Spring Fever

North Carolina decided to take a break from winter and spend a couple days pretending that it’s spring instead of mid-February. And as a result, I’ve gone into gardening mode. Like buying seeds and fighting the urge to buy potting soil and recognizing that the cold will kill anything I plant but wanting to start gardening anyway.

I’d hoped that going through photos of flowers and the garden from last summer would help take the edge off. And they have, somewhat.

How do you handle these unseasonably warm winter days? Do they leave you with a touch of spring fever?

Project Serial: First Draft

I’ve been working on the short story for what I’m dubbing Project Serial since the beginning of December, kind of sorta intending for it to be a serial and having in the back of my mind that I might one day post it on this blog. And I probably would still be tinkering on it with a few words here and a few words there until summer. But Project Serial gives me a deadline. More or less.

Apparently even a more or less deadline motivated me enough to get me to where I’m DONE with the first draft. Not DONE as in I’ve written The End; DONE in that I finally figured how I want the story to go and am ready to start revising so it starts looking like the one in my head.

Which is a good thing. It leaves me the position of having to throw out an entire plot-line; I’ll be able to reuse descriptions and hopefully a character. Focusing on only one plot gives me the opportunity to expand on the characters and hopefully make the whole thing scarier. I’m excited.

So what’s this story actually about? It’s a about teenage paranormal investigators and a cave with a creepy history. The placeholder title is Cedar Creek Cavern. I’m aiming to start posting  in June.

How do you feel about serial fiction? Are you a fan? Or do you prefer the opportunity to read the whole story at once?

A Successful Trip to B&N

I took a trip to Barnes & Noble the other day and walked out with three new books. This is an unusual occurrence for two reasons. First, because I tend to do all of my book-buying online (whether ordering paperbacks from B&N or Books-a-Million or snagging an eBook while it’s on sale). Second, because I rarely find books or authors that interest me (the YA section excluded).

I’m going to chock my success up checking the B&N website for whether the Maureen Johnson’s new book, The Vanishing Stair, was actually in stock at my local B&N. The other two books were just a bonus: I decided to grab a physical copy of Truly Devious for my re-read and there were autographed copies of An Absolutely Remarkable Thing in stock.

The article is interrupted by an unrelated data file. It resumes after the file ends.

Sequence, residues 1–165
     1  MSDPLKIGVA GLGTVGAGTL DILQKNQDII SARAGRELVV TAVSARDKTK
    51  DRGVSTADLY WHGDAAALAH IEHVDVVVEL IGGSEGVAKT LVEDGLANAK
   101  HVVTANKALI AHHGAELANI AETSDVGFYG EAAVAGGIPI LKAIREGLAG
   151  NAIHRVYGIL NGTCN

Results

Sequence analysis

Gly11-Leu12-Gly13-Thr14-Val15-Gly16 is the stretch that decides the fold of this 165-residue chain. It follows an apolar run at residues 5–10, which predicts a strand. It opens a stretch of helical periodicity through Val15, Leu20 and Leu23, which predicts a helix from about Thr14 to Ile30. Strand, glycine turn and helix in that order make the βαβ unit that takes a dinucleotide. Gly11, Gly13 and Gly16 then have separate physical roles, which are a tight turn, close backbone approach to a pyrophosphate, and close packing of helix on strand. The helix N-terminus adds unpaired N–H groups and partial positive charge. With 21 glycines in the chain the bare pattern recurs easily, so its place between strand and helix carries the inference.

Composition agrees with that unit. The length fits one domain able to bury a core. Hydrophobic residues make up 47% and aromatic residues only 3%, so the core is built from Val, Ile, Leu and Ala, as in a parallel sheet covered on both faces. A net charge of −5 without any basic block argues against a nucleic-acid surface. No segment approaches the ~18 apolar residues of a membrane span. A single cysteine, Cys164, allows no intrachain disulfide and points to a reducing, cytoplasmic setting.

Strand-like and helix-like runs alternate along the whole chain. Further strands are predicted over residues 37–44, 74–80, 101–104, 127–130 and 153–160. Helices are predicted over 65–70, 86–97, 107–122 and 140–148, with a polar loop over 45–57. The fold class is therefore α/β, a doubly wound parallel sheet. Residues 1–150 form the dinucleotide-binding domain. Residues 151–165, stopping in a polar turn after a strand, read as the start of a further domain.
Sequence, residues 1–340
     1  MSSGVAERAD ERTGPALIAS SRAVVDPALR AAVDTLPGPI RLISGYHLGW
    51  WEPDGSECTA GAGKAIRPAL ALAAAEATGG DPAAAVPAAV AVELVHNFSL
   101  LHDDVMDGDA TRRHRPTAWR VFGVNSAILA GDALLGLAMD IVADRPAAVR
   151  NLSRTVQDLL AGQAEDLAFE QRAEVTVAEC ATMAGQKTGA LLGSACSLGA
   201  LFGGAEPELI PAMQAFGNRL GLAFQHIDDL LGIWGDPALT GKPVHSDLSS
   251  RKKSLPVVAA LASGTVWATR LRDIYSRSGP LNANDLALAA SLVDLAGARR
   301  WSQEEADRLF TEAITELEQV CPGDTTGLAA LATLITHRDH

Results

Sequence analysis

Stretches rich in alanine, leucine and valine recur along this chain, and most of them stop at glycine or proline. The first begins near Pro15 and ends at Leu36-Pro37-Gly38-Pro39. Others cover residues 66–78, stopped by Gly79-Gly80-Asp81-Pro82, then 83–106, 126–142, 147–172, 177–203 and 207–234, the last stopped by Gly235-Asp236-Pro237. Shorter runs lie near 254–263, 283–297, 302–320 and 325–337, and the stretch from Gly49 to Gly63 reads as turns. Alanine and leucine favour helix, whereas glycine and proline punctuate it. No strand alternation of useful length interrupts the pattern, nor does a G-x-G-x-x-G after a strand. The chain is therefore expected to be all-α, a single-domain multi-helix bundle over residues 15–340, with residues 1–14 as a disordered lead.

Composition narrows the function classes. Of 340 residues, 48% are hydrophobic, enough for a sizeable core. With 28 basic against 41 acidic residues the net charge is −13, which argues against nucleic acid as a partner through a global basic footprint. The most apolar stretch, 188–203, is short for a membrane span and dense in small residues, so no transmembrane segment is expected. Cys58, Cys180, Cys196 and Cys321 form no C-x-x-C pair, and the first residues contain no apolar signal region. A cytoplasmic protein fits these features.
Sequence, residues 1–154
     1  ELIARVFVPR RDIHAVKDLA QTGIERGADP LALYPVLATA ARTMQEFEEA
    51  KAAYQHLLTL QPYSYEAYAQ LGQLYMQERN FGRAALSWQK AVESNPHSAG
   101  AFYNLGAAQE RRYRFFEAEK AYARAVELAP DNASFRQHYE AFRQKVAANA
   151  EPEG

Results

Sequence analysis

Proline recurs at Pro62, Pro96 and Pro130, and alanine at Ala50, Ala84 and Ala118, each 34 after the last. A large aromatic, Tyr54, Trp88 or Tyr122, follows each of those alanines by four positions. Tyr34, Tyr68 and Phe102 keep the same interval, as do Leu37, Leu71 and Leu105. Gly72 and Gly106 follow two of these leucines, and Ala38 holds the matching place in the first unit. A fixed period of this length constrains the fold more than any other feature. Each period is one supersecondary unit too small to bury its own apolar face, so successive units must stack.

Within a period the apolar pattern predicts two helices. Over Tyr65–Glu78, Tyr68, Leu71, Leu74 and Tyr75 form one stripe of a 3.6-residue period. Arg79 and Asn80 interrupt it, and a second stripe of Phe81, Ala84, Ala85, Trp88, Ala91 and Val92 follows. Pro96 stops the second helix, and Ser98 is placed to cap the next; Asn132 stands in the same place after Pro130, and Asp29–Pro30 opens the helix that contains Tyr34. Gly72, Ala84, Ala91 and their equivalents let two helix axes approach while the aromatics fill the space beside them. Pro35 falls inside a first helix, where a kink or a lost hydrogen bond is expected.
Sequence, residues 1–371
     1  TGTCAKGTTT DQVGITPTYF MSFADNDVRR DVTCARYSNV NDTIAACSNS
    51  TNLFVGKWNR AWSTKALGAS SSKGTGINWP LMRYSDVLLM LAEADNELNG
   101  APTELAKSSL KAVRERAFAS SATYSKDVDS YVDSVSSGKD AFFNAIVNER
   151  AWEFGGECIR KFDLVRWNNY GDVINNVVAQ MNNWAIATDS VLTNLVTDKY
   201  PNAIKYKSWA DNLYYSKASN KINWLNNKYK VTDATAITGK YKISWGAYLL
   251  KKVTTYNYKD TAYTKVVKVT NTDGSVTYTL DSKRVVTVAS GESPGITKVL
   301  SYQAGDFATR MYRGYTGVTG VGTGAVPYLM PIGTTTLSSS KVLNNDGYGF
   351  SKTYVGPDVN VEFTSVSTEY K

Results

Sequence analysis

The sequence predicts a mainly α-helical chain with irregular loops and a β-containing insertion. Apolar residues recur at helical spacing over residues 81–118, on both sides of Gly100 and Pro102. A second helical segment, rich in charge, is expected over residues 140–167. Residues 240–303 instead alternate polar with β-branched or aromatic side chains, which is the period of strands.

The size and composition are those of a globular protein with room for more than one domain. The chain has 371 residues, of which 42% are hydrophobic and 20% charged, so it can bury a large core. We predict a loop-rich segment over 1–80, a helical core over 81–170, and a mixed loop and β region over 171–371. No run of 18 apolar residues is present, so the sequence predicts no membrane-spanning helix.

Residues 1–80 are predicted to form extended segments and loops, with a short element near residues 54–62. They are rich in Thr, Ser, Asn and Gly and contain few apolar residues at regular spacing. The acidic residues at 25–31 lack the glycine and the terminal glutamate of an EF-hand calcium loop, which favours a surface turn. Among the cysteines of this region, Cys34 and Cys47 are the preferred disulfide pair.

How’s your luck with brick-and-mortar bookstores? Do you have a go-to bookstore or method of finding books?

January Reading Recap

The Goodreads Reading Challenge book-tracker-thingie says that I need to read 3 books a month to hit my 2019 goal of reading 35 books. I managed two, which I think was due to one being an eBook (that I could pick up anytime) and the other being a hardcover (that I could only read when I had the book with me (obviously)).

The first book I finished was Silent in the Sanctuary by Deanna Raybourn. It’s the second in the Lady Julia Gray series, featuring a Victorian widow and a brooding PI. Sanctuary gave me such Miss Fisher vibes and scratched that itch for a historical cozy mystery. I definitely recommend the series.

The other book was The Family Plot by Cherie Priest. I read this book around when it came out in summer 2017, but I’ve been feeling for some time that I rushed through that reading. So I picked it up again. It’s a slow-burn plot and then all of a sudden it isn’t. Part of me is thinking twice about my desire to buy and fix up an old house after this reread.

I started a third book this month: The Lost World by Michael Crichton. I’m about a third of the way through as of writing this post.

What books did you read in January? Anything that I should check out?

Permission to Write

This post is just as much for me as for anyone who needs it.

You have permission to write whatever your heart desires.

Write a teenage character that swears, an over-the-top gory death scene, an asshole character with no redeemable qualities. Write and finish a crap story instead of rewriting one sentence over and over with the goal of perfection.

Write the story that scares you most. Write the story that’s just above your skill set. Write the story that isn’t “in” right now. Write the story that you want to see on your bookshelf. Write the story that you want to read.